The Saudi-led coalition striking Houthi rebels in Yemen is losing roughly one to two tankers worth of U.S. fuel per day after the Air Force halted its mission of refueling the coalition several weeks ago, officials with U.S. Central Command said.
But even before the announcement to halt refueling was made Nov. 10, CENTCOM had begun working with Air Forces Central Command and Transportation Command "to reduce its dynamic requirement for tankers" in the Horn of Africa region, according to Army Maj. Josh Jacques, a CENTCOM spokesman.
"AFCENT constantly assesses its dynamic requirement for air-refueling capacity and works with CENTCOM and TRANSCOM to manage tanker resources to meet this dynamic requirement," Jacques said in a statement Saturday.
He did not specify when those conversations began.
Defense Secretary Jim Mattis revealed in recent weeks that the U.S. has refueled "less than 20 percent" of the coalition's jets since the conflict began in 2015.
- Inside the Air Force's Largest Fuel Farm in Fight vs. ISIS
- Air Force Refueling Mission Over Horn of Africa Holds Steady
- General Argues to Continue Refueling Saudi Planes in Yemen Fight
"We refuel probably less than 20 -- I think less than 20 percent of their aircraft," he said during a speech at the United States Institute for Peace. "They have their own refuelers, by the way."
Jacques said that means, on average, one to two Air Force tankers won't be used on a daily basis to refuel coalition planes in the Horn of Africa region.
"While we cannot speak on behalf of the Saudi-led coalition regarding their aircraft, in general the U.S. provided 1 to 2 tankers' worth of fuel per day, based on the average offload of fuel," he said. "That said, rates of U.S. refueling vary based on the needs of operational planning and execution."
An Air Force KC-135 Stratotanker can carry a refueling load of up to 200,000 pounds of fuel.
Earlier this month, the Saudi government said it had "requested cessation of in-flight refueling" from the U.S. for its fighter jets after The Washington Post reported the Trump administration was planning to stop the refueling over growing political concerns.
Lawmakers for the last three years have tried a variety of ways to oppose the war. That includes invoking the War Powers Resolution of 1973, which would force the U.S. to end its involvement in the Saudi-led conflict within 30 days of passage unless voted upon otherwise, amid the growing number of civilian casualties and what many officials around the world have declared a humanitarian crisis.
The Trump administration has also faced pushback for its continued support of Saudi Arabia in arms sales and intelligence after the death of journalist Jamal Khashoggi, a Washington Post columnist. Khashoggi is believed to have been killed by Saudi operatives at the Saudi Consulate in Istanbul in October.
Following the Post's report and the Saudi government's announcement, Mattis said the Defense Department welcomed the decision.
"We support the decision by the Kingdom of Saudi Arabia, after consultations with the U.S. Government, to use the coalition's own military capabilities to conduct inflight refueling in support of its operations in Yemen," he said in a statement.
However, Mattis' statement didn't clarify how the U.S. would monitor Saudi jets refueling from U.S. tankers for operations against the Islamic State -- it is a global coalition member in the U.S.-led fight -- and instead return and use that fuel for strikes in Yemen.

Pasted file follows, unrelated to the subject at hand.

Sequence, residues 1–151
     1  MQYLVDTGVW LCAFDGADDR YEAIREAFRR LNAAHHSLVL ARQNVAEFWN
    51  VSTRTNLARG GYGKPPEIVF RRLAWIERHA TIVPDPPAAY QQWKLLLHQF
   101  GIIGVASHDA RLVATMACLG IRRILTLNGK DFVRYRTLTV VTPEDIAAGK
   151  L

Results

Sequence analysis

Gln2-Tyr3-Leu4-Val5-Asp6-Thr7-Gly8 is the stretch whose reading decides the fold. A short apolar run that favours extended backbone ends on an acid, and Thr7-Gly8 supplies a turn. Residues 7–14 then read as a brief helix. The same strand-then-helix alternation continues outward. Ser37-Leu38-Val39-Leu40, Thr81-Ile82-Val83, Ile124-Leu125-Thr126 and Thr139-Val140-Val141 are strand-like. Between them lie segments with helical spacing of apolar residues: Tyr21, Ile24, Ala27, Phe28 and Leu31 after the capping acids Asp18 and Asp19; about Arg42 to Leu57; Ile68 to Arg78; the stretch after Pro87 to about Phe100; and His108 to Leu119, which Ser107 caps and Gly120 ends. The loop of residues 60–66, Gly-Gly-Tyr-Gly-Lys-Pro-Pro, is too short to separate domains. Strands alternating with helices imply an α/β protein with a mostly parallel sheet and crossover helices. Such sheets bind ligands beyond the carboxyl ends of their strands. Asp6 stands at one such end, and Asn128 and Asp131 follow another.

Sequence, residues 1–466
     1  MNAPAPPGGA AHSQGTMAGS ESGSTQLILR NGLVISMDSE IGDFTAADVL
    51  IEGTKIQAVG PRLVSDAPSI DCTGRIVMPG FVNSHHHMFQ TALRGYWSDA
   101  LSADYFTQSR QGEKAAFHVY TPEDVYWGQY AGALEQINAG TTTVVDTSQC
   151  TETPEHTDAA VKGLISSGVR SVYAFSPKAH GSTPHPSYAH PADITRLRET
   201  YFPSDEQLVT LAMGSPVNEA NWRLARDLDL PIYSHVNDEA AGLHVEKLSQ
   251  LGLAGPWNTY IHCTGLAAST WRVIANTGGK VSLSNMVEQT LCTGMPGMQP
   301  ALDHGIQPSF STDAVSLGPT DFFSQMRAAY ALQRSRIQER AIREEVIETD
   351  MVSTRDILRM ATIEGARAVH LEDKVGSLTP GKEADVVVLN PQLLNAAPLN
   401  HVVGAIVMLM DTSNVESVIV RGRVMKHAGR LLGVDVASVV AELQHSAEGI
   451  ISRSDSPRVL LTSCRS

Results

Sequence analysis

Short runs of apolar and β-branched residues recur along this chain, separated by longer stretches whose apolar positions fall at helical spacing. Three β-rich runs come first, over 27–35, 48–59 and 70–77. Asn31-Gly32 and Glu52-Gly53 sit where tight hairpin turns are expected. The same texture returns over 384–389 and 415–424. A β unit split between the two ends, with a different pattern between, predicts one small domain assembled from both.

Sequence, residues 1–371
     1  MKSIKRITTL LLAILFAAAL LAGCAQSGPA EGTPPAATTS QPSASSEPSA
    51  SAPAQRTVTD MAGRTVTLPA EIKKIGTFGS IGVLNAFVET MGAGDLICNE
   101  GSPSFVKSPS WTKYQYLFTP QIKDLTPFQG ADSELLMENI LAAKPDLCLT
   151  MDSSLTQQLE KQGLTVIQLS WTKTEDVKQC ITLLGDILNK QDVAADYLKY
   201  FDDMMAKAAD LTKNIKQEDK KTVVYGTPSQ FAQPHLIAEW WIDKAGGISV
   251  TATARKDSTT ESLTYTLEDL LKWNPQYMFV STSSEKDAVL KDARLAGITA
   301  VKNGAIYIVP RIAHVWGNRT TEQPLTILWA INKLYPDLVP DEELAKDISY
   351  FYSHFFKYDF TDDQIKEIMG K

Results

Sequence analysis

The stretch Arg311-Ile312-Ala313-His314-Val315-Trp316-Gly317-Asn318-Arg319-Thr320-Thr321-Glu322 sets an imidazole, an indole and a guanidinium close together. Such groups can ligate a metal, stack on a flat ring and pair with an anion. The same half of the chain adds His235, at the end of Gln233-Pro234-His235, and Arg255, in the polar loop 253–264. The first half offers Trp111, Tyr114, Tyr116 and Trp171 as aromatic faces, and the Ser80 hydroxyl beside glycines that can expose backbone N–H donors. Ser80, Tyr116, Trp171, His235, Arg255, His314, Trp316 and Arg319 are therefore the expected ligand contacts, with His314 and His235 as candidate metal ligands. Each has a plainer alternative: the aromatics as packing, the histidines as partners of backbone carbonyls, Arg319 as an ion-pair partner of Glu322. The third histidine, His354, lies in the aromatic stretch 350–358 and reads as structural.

Jacques said that isn't a concern for U.S. officials.
"Air-to-air refueling locations in support of the [counter-ISIS] coalition are in a different vicinity than those used to support the Saudi-led coalition's operations in Yemen," he said. "The significant distance between the two areas makes it operationally infeasible for [Saudi] fighter aircraft refueling from tankers supporting the [counter-ISIS] mission to transit and conduct operations in Yemen."
How Much Fuel Did U.S. Provide?
As of Aug. 31, Air Force tankers such as KC-10 Extenders and KC-135 Stratotankers had conducted 2,919 sorties and offloaded 92.3 million pounds of fuel to coalition fighters in the Horn of Africa since the onset of the Yemen crisis, CENTCOM previously told Military.com. Jacques cited the same figures Saturday when providing the most recent statistics.
That amounts to 12,102 refueling operations, or what officials describe as "refueling events," CENTCOM has said.
By comparison, in that same timeframe, the Air Force has conducted 47,624 sorties and offloaded more than 2 billion pounds' worth of fuel in operations against the Islamic State in Iraq and Syria, according to the latest Air Forces Central Command airpower summary.
More than 275,000 aircraft have been refueled for Operation Inherent Resolve within the last three years, AFCENT said.
While operations have slowed in the Iraq and Syria fight within the last year, officials said airmen will nonetheless keep busy for refueling missions in the area of responsibility.
"There is no shortage of global requirements requiring tanker support, to include a critical refueling capability mix supporting U.S. Central Command objectives in theater," Air Mobility Command spokesman Col. Chris Karns told Military.com.
"Aerial refuelers continue to ensure the persistence and ensure the necessary reach to achieve desired effects. For Operation Inherent Resolve alone, the U.S. has fulfilled about 90 percent of the tanker capability requirements" for the coalition, he added.
Jacques reiterated there is no intention of slowing down in other Middle East operations.
"Refueling operations will continue throughout the [area of responsibility] to deliver decisive airpower on behalf of U.S. Central Command for the security and stability of the region," he said.